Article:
(Photo Credit: cohdra/morguefile.com)
First of all, understand that if the employer is asking for a range, odds are that they're not going to be put off the question entirely, and that's not a bad thing. Eventually, you're going to have to talk cash, one way or the other.
The best thing to do, especially if you've been underpaid for previous jobs, is to provide a salary range based on what you'd like, not on what you've made. Do research on the title, company, and duties, and come up with a range that would make you happy.
Most crucially, don't give a low number that would make you miserable. Your prospective employer will likely start with that number, and you don't want to begin negotiations feeling annoyed and undervalued.
But what if that technique doesn't work, and the employer insists on getting an actual salary history -- even if you've already explained that you're not comfortable revealing that information?
"...[I]f an interviewer insists, you'll need to decide whether you're willing to hold firm (and potentially risk losing the job opportunity over it) or if you'll give in," writes Alison Green of Ask a Manager, in a column at AOL Jobs. "If you're in a situation where you have plentiful options, you might decide that you're not interested in working for an employer who would reject you for not disclosing your personal finances. But if you don't feel you have many options, then you might decide that -- annoying as this is -- you're going to play along."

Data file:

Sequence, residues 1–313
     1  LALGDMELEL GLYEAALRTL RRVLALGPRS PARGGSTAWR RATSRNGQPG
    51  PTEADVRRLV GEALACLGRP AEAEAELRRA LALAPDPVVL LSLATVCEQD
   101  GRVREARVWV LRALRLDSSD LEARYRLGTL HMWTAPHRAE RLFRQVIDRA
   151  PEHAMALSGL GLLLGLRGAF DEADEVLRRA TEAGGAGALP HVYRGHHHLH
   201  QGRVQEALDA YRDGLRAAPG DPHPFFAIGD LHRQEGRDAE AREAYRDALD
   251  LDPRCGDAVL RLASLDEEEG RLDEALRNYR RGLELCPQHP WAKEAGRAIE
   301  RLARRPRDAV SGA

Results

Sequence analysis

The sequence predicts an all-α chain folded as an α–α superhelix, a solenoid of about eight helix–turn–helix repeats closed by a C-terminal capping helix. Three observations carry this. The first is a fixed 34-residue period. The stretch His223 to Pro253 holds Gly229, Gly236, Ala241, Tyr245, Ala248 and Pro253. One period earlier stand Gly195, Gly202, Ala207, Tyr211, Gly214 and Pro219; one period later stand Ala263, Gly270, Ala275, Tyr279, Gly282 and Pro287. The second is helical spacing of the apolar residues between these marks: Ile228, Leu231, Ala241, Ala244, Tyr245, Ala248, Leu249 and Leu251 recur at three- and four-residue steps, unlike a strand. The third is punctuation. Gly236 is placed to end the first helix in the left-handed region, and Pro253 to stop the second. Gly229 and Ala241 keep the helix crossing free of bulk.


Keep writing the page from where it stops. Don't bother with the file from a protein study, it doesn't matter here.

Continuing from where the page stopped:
Most of the time, Green says, it shouldn't come to that point. But if it does, and you've considered your options carefully ahead of time, you'll be prepared to answer or not answer, as you see fit.
Tell Us What You Think
Do you provide a salary history? We want to hear from you! Leave a comment or join the discussion on Twitter.